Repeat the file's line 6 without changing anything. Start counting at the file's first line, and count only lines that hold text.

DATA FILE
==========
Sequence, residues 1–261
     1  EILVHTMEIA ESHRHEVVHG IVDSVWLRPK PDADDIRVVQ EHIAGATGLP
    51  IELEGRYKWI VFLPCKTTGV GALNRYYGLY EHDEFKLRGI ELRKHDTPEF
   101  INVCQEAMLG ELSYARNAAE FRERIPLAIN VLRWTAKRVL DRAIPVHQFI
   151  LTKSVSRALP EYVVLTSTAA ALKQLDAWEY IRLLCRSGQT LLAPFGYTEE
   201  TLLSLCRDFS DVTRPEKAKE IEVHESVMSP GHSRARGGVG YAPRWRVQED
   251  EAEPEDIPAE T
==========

   201  TLLSLCRDFS DVTRPEKAKE IEVHESVMSP GHSRARGGVG YAPRWRVQED